FA Airfix Monty'S Humber staff car General Montgomery ww2

On Dec 17, 11:52 am, "Jerry"
wrote:
:> : My point was quite clear to those skilled in :> : the art and use of the English language. :> :> Yes, you were simply WRONG...
: Prove it. Put up or shut up.
I have, unfortunately you do not seem to have the skills you mentioned above, as anyone who bothers to read - and more importantly - understand the groups Charter will know. But then should anyone actually expect a Google groupie to understand anything about the ethics of Usenet. :~(
Reply to
Jerry
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Ah, the old proof by assertion gambit.
All you have to do is quote the relevant bit of the charter and show that I'm wrong. To make it easy, I'll even give you the URL
formatting link

MBQ
Reply to
manatbandq
I'm glad I still have Jerry killfiled - I wish others did. Occasionally he makes valid points, but then he always lets his mouth run away with him.
Reply to
MartinS
It always follows a familiar pattern.
Hurl abuse at someone and make some specious claim that they're wrong.
Show a complete inability to come up with any evidence when challenged.
Attack the medium (Google groups) rather then the message when he knows he's lost.
Close down the thread by snipping all context.
I used to think Jerry was a spotty kid using Daddy's computer. Now I think it's just a computer program written by some spotty kid. The long periods of absence are due to some kind of system upgrade. Unfortunately this version is no better than the last.
We'll have to hope Jerry2010 will be a bit more functional.
MBQ
Reply to
manatbandq
Sorry, badly worded on my part.
MBQ
-----
Gauge 1 has two accepted standard scales, namely 10 mm = 1 foot (1:30.48) and 3/8 inch = 1 foot (1:32).
Reply to
John Nuttall
"John Nuttall" wrote
As far as I'm aware the UK 'standard' for Gauge 1 is 10mm:1ft scale.
It's very much minority interest however.
John.
Reply to
John Turner
As I found out when trying to decide between G1 and O, it's moving that way, but there's still plenty of 3/8in out there (one kit manufacturer does both scales!) - notably Bachmann Brass (though new models will be 10mm I believe). There's also Aristocraft's uk outline which is different again....
I've just checked the Gauge 1 Society's web page and they still adhere to both scales, but I have to question their assertion that both major scales can work together - they might work, but look wrong.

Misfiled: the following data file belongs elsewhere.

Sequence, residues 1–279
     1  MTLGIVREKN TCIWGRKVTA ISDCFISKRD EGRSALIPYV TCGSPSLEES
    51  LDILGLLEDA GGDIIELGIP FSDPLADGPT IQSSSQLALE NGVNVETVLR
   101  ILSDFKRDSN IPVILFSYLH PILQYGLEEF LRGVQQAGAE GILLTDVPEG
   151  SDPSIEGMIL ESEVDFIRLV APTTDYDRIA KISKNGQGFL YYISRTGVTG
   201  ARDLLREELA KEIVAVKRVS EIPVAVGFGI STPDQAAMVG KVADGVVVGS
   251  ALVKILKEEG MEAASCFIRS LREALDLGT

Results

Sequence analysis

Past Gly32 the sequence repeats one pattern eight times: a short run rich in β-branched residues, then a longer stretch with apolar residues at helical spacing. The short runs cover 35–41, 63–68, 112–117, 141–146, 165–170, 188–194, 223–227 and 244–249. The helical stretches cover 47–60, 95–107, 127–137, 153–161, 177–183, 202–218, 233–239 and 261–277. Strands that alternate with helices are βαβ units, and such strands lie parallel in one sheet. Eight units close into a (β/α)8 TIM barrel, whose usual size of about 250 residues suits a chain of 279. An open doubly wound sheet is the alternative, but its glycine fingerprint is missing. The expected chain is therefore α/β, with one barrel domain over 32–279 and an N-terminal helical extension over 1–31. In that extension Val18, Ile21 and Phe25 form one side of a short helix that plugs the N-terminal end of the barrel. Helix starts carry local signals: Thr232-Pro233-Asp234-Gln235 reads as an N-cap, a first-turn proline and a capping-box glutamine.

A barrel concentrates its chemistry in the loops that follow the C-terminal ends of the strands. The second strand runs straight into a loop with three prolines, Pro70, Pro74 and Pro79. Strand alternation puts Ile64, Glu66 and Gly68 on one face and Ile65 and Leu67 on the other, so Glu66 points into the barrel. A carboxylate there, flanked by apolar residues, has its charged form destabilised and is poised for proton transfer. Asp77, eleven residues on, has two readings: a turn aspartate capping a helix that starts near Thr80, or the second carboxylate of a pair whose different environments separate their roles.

Cheers Richard
Reply to
beamends
45mm Track has a number of uses, and while 'Gauge 1' 10mm and 3/8" scale is the nominal scale, G Scale is 1:22.5. However 15mm and 16mm scale narrow gayge is also popular on 45mm track. 15mm being used to model the various 3ft gauge real life railways. I'm building a nice collection of Isle of Man stock in 15mm ....
Reply to
Lester Caine
[...]
Wording confuses gauge and scale, I think. Again. 10mil (UK only) and 1:32 are for modelling standard gauge (4' 8.5") on gauge 1 (45mm) track. This has definitely become a minority interest.
Most people now use 1 (45mm) for several narrow gauges, the most common being meter gage (1:22) and 3ft gauge (1:20.3). For both these scales, 1:24 is usual for buildings, figures, vehicles, etc. Nice mish mash, but the 6ft rule ("usual viewing distance") shows that the differences in scale aren't noticeable. Also, because of the large variation in clearance diagrams for narrow gauges, running meter gauge and 3ft gauge or even 2ft gauge stock together doesn't offend the eye at all.
OTOH, Aristocraft and USA Trains make 1:29 scale standard gauge trains for 45mm track. Why? Because 1:32 trains don't look bulky enough next to narrow gauge stock. And the largest market is garden railways, whose operators want standard gauge trains to look bigger....
Then there's Thomas, whose scale is indefinable. ;-) But he looks good running on 45mm track.
cheers, Wolf K.
Reply to
Wolf K
Sorry about that, I'll rewrite:
"... 10mm scale (UK only)..."
There mow, that should do the job.
wolf k.
Reply to
Wolf K
Do you have an opinion on the overall appearance of 1/43 scale vehicles with 1/48 scale railroad models (including buildings)? I tend to favor 1/50, but far more is available in 1/43. In 1/48 about all that is available is a few WWII military models (AFAIK, not Monty's Humber) such as Russian jeep equivalents and wee 10hp British vans.
Reply to
LDosser

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